Hum of rubber on metal decking. Tires rolled off onto the concrete ramp. One solidness of a temporary nature was traded for another: gritty paint for slick.
"I'm glad to be back on land."
"Well, yeah. Glad to be done with that crossing anyway."
"So you say."
"Am I sniveling? Guess so. There weren't many vehicles on the ferry. We were first on, first off!"
"And you are complaining?"
"What are you thinking then?"
"That the customs officer will be waiting for us, eager for conversation."
"Just keep a vacant look."
"I'm good at that."
"I know you are," she said joking while pushing at his shoulder.
"And there he is, as foretold."
"Waving at us to pass."
Watching the rear-view mirror, "I thought he was a construction mannequin. You know, like one of those with only an arm that moves, mechanically waving a caution flag back and forth."
"His arm did look like it was attached by a hinge."
"Gray face matching his uniform."
"None from me either. We would have been there for an hour while the camping gear was gone through, the spare tire taken out. It would have been first off, but last on the road for us."
"Yes. We would have had to get into the whole explanation thing if she would have been found out. The paperwork..."
Silence. A turn signal came on and the car turned.
Let us introduce Zuni and Darren. Their partner, Kara, was the reason for the trip. The three were off to Kara's favorite place. End of the World, she had called it- always cheerfully. The name stuck. The most northern point of a continent. Where a sea meets an ocean in turbulent play, with a spit of land jutting into the mix.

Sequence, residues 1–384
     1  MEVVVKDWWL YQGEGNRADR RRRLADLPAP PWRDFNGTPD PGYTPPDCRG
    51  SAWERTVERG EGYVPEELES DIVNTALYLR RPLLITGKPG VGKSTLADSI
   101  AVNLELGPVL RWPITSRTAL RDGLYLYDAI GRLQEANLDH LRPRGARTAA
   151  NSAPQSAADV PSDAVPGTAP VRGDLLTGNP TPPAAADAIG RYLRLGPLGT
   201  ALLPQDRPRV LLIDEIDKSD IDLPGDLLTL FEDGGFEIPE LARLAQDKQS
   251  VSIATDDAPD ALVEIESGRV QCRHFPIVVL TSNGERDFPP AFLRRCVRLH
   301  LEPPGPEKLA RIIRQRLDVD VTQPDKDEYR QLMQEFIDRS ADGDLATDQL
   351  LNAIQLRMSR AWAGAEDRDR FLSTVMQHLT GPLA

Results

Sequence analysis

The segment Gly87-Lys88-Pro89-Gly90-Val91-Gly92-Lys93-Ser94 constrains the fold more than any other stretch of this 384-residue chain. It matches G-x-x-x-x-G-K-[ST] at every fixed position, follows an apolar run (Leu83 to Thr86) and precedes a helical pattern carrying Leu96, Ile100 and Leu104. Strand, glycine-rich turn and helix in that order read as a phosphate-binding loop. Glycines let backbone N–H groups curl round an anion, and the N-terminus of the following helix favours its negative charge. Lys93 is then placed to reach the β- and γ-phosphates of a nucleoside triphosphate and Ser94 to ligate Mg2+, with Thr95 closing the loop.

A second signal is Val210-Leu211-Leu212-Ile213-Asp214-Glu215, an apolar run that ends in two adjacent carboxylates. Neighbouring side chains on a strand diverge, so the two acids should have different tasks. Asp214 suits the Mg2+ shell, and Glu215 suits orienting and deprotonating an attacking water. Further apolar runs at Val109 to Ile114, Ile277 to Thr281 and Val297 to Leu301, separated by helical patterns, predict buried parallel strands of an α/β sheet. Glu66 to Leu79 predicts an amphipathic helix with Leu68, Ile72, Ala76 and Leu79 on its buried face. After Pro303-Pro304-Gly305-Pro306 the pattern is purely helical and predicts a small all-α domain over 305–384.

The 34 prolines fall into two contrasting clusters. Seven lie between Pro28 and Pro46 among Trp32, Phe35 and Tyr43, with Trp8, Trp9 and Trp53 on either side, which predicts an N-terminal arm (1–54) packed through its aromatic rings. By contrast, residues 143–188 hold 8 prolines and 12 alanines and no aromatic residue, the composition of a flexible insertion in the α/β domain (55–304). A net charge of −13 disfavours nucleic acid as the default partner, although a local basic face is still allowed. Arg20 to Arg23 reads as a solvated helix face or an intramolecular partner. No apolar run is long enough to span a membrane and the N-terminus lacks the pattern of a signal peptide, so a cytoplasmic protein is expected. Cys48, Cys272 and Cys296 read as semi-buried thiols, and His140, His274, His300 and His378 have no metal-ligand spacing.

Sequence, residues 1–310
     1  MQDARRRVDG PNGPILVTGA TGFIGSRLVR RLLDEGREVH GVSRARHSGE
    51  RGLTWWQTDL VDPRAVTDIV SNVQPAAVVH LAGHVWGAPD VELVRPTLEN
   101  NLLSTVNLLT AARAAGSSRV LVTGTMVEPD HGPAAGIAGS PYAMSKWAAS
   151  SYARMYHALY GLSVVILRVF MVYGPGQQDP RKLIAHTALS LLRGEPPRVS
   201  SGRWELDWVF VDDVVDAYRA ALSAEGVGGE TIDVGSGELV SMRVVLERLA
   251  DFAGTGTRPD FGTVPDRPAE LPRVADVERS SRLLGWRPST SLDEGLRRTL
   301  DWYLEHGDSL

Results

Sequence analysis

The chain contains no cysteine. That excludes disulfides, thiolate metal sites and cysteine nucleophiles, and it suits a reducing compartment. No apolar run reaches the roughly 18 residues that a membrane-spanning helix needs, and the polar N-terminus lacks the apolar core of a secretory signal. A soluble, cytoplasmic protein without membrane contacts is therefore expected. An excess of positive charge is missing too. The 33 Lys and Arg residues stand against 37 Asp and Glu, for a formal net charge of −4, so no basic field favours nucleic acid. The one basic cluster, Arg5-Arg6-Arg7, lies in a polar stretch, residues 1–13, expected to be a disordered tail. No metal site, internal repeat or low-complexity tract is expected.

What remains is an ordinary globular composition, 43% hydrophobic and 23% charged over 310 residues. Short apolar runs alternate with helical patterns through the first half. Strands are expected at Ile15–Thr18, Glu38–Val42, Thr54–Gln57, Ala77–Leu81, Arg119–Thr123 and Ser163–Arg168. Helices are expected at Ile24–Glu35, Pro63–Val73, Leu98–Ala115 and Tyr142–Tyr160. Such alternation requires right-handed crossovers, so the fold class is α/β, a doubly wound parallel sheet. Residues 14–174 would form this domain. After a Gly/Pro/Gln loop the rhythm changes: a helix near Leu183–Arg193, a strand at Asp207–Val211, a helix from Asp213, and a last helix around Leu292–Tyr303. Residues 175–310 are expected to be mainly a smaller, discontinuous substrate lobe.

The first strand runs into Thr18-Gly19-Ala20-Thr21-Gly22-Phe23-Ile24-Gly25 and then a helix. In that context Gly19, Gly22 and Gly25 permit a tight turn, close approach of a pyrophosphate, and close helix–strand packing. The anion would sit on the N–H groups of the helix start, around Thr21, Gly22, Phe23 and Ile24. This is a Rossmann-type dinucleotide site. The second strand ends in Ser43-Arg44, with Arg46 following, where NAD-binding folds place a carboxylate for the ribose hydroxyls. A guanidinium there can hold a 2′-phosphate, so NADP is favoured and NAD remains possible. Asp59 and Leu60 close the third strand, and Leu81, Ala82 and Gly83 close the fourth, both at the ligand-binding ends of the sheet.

Kara had passed away recently. Her cremated remains were in a nondescript metal cylinder. A container within a nondescript box. Zuni and Darren had promised her they would take the remains to the end of the sandspit, that she would be committed to the churning mix in joy, in celebration of life. This had been Kara's request. Her partners' reply had been solemn. Through tears the promise was spoken. They would celebrate the visits shared there, the memories of sun and fun enjoyed in the lonely isolation that was an end of land. In joyous play, it would be done.
Shortly after the promise was sealed, the trip was undertaken.
"So foggy. It has been like this since we rolled off the ferry. Wasn't it sunny out at sea?"
"Well, we didn't see when the fog started as you wanted us in the car before the ship entered the harbor."
"I wanted to get off before the trucks."
"I know, Darren. I am as anxious about this trip as you are."
He looked behind to the empty seat. Gone was Kara, her energy. The contagious smile leaning forward over the seat, her cheery words. The teasing she and Zuni would tag up on.
YOU ARE READING
End of the WorldRomance
End of the World, a short story. Part, the fourth, in Rabbitry, a pentalogy. Grief from a death is visited upon the surviving members of a polyamorous family. The departing partner's wish: scatter her ashes upon the waters at a cape they had freque...